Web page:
Free Shipping? No, Thank You

The article was originally written by Anders Ekman, COO at Ingrid and a columnist at Dagens Logistik.

Last autumn, the chairmen of the Swedish Commercial Employees' Union, Seko, and Transport Workers' Union demanded a ban on free shipping in e-commerce. 

The reason? It was believed that a ban like this would not only lead to better working conditions for freight companies, but also introduce more sustainable consumption and reduce environmental impact

The problem with free shipping

It shouldn’t come as a surprise that free shipping and free returns cause excessive and, often, unnecessary shopping — among other things. Yet, the Swedish Trade Federation expressed an opposite view on behalf of its members.  

Restrictions aside, wouldn’t it be nice if e-retailers start rethinking their free shipping policy after all? And is it true that free delivery is the best thing for all e-commerce companies? I don’t think so. 

And here’s why.  

Currently, many e-retailers are having a tough time. Online sales volumes are dropping, and the times when Instagram advertising and influencer collaborations offered great returns on investments seem to be over. 

Over is also COVID-19 (knocking on wood), and the online shopping wave that came with closed brick-and-mortars and social distancing. 

In this “new normal”, profiting from deliveries suddenly sounds like a pretty good idea. Imagine if paying for delivery could be translated into an income that can not only cover the shipping costs but affect the bottom line as well.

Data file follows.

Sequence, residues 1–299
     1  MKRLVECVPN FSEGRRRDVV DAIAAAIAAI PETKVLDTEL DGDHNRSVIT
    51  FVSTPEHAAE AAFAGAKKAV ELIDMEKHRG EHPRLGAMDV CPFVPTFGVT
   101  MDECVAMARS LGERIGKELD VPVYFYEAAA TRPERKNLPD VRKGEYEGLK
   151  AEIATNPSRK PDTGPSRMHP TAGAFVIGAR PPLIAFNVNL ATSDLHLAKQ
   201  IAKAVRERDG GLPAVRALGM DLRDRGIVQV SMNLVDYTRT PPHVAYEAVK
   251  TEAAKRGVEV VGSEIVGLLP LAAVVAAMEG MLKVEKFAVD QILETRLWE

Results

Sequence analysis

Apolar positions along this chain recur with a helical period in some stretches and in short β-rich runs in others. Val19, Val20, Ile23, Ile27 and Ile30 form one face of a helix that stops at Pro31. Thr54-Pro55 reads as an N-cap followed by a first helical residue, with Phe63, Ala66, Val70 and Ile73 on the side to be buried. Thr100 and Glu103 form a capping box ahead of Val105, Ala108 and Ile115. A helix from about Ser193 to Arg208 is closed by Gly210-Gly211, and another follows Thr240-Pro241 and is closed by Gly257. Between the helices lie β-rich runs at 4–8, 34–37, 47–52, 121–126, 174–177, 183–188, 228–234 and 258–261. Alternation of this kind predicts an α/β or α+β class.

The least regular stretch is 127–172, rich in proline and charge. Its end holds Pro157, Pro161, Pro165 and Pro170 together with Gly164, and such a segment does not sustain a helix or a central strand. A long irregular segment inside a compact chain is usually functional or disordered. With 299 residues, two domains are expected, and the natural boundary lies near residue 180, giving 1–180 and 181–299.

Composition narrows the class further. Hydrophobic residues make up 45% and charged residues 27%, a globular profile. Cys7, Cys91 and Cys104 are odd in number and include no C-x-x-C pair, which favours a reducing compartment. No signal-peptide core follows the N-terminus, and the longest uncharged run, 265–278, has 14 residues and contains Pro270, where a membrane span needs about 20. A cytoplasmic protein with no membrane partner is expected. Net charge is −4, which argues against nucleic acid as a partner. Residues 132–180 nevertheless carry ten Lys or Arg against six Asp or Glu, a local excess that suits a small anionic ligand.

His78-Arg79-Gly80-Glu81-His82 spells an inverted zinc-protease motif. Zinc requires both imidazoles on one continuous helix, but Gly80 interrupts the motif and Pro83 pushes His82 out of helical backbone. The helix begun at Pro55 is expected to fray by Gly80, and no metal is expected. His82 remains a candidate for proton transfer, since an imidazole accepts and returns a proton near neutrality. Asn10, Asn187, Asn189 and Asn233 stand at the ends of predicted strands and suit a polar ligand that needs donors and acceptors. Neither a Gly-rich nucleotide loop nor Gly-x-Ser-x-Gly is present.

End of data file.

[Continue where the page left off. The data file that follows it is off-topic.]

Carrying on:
Interestingly, there is a “sweet spot” where paying for delivery might mean selling fewer products, but still earning more.    

It was an idea that one of Ingrid's customers experimented with. They began to charge 10 SEK more for the delivery. The result? The conversion decreased by 2.5% but the value of an average shopping cart increased by 4.2%. At the end of the day, revenue from deliveries alone increased by 11% and the profit margin increased by 5.5%. Not bad.

And here's another idea: Why not offer different delivery options and prices based on what margin you have on the product? For example, a high-profit margin item should have a lower delivery cost and vice versa. Simple, but still unusual in Swedish e-commerce, as far as I see.

To pay for delivery or not, that is the question

“No, but deliveries must be free!”, you might think now. Do they really have to, though?

Together with researchers at Stockholm University, we investigated over 100,000 e-commerce purchases at Ingrid. It turned out that it was possible to charge 14-18 SEK more for home deliveries (e.g. Dooris, Early Bird, or Postnord's mailbox delivery) without it having a negative effect on the conversion. Yet, these options are often the ones the consumer pays the least for. 

Weird, right? Sounds almost like people are making decisions with their gut instead of with data.

Sooner or later, shipping companies will be forced to increase prices even more. Many of the rising stars in the industry are venture capital financed and, according to Breakit, are backed up by even 20 SEK per delivery. 

But, how long is venture capital willing to prioritize growth over profitability? Not for long, I think. Keeping that in mind, e-retailers should start getting the consumers used to paying a little (more) for delivery. 

So, e-retailers, don’t be afraid to start charging your customers - experiment with different software integrations and prices as part of your e-commerce delivery strategy. Put a stop to excessive and unnecessary purchases. Maybe it will lead to a reduced number of orders, but higher revenue in the process. Sustainable, isn't it?

Book a demo to find out how Ingrid can help you A/B test your delivery options.

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